Sierra Marling

Kentucky has the second-highest rate of domestic violence in the United States. A $10,000 grant from WellCare has empowered AppalReD Legal Aid attorneys who are assisting survivors of domestic violence by giving them a small financial boost to escape their abusers.

According to the National Coalition Against Domestic Violence (NCADV), in one day in 2019, Kentucky domestic violence programs served 1,420 adult and child survivors; another 128 requests for services went unmet due to a lack of resources.

NCADV’s data notes that, in Kentucky, more than 45% of women and 35% of men experience intimate partner physical violence or rape in their lifetimes.

Additionally, in June 2023, data compiled by the Justice and Public Safety Cabinet’s Criminal Justice Statistical Analysis Center, Kentucky State Police, Cabinet for Health and Family Service, and the Administrative Office of the Courts was disbursed in the first statewide data report detailing domestic violence statistics.

In the report, it was recorded that 34 emergency protective orders (EPOs) were served by Berea Police Department (BPD), 76 from the Richmond Police Department (RPD), and 100 from the Madison County Sheriff’s Department.

There were also 6,468 JC-3 forms — documents utilized by law enforcement agencies for the purpose of reporting incidents of domestic violence, abuse, or neglect — filed in the Bluegrass Development District in 2022, which contains Anderson, Franklin, Woodford, Mercer, Boyle, Lincoln, Garrard, Jessamine, Fayette, Scott, Harrison, Bourbon, Nicholas, Clark, Madison, Powell, and Estill Counties.

An infusion of funds

In a press release regarding the grant, Corey Ewing, President and CEO of WellCare, acknowledged the widespread damage that domestic violence can create.

“Domestic violence not only impacts a person’s physical well-being but also their emotional and physical health. We are proud to support the mission of AppalReD Legal Aid and all they do to give hope to domestic violence survivors,” he said.

The release further clarified that WellCare granted AppalReD Legal Aid $10,000 to use over six months. Clients do not need to be WellCare members to receive support.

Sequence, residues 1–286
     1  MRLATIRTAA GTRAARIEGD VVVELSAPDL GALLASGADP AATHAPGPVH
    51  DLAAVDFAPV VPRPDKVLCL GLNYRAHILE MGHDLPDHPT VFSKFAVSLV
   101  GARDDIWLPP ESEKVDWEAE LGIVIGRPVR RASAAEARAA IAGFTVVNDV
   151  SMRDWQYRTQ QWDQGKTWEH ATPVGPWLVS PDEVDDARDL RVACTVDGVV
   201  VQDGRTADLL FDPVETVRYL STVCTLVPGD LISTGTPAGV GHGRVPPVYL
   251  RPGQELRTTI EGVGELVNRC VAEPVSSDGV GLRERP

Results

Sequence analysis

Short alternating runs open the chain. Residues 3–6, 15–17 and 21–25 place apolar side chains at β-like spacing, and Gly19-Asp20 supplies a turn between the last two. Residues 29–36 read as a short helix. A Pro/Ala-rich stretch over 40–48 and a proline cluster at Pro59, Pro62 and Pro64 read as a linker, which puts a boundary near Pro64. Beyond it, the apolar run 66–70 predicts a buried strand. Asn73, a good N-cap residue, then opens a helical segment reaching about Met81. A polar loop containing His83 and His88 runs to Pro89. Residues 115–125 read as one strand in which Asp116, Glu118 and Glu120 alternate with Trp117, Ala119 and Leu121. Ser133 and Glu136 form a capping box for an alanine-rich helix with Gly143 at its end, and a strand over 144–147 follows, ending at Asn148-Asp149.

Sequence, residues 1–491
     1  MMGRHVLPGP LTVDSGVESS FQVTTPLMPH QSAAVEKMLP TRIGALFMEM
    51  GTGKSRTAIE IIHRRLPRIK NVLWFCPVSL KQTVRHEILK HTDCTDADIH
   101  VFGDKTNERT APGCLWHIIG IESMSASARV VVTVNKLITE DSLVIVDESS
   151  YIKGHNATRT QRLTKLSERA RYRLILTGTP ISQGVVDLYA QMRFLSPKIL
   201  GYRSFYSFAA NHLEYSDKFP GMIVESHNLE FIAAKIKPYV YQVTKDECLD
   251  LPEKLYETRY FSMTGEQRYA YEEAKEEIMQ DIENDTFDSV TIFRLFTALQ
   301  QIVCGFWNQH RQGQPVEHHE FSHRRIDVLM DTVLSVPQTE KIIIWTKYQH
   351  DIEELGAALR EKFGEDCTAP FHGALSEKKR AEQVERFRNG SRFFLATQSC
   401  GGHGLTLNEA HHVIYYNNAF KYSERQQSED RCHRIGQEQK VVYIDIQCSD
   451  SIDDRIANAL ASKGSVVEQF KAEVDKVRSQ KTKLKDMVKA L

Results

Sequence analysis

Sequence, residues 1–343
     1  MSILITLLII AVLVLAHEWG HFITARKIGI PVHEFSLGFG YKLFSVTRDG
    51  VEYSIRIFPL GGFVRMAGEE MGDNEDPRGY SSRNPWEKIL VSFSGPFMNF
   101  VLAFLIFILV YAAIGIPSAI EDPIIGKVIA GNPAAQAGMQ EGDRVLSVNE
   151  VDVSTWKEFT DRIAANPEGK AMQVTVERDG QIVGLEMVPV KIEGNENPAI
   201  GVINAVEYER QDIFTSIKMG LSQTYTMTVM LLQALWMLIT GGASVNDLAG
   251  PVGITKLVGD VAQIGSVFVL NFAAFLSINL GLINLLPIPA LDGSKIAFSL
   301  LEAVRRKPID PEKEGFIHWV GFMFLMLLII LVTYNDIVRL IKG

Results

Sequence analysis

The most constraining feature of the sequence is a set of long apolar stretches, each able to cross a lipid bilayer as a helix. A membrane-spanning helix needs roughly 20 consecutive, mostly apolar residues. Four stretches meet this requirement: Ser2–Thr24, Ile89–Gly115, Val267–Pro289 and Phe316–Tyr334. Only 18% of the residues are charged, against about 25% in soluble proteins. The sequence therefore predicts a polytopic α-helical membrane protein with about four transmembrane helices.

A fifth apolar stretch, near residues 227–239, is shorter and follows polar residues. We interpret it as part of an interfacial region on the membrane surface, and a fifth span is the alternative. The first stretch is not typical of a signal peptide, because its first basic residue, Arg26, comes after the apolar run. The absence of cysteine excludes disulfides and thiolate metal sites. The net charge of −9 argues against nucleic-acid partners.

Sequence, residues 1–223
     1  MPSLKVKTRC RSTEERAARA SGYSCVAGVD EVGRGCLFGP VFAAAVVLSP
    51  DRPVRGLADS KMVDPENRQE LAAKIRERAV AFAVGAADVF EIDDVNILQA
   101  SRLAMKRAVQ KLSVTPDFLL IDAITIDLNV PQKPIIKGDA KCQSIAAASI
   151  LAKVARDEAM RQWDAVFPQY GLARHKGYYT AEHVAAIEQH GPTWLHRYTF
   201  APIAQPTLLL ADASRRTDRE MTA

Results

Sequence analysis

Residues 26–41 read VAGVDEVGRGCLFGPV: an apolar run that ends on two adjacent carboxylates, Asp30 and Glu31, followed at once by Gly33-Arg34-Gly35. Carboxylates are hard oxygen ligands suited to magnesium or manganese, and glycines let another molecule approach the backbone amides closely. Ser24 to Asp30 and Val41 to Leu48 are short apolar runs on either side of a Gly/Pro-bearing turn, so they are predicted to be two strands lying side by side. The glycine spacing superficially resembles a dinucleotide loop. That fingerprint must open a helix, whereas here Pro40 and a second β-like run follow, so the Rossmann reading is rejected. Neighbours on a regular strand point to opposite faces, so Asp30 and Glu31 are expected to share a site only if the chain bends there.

Leigh Ann Moore, a senior attorney who leads Legal Aid’s Family Law Section, remarked that domestic violence is a broadly defined term that does not only include harm to one’s person, but also other aspects of a person’s life.

Legal Aid considers domestic violence to encompass physical acts of violence, threats of violence, mental and emotional abuse, financial abuse, and can also include a wide swath of acts, including threatening a partner that they will lose their children if they leave or keeping them detained in their home.

“When we’re addressing that someone has been through a domestic violence situation, we look at all those types of domestic violence. The scope of domestic violence is so large, it’s very hard to define domestic violence. It doesn’t absolutely have to be that someone was physically abused to qualify as domestic violence,” said Moore.

In her 12 years with Legal Aid, she has assisted many people with the process of removing themselves from domestic violence situations. Given the intimate nature of this process, she noted that there are many barriers to leaving.

While the reasons are numbers and differ from person to person, Moore said, they can include familial pressure, commitment to one’s faith, a fear of losing one’s children, or financial dependency.

“There are so many factors that go into being reliant on another person and dependent on another person that it’s hard to leave, especially if you’re living in poverty or if you don’t have an income. How do you leave your abuser who is providing the sole income to the house?” Moore pondered.

When there are already so many outside motivations to stay, one financial barrier may pose too large of an issue to leave, which is why funding for legal services is important.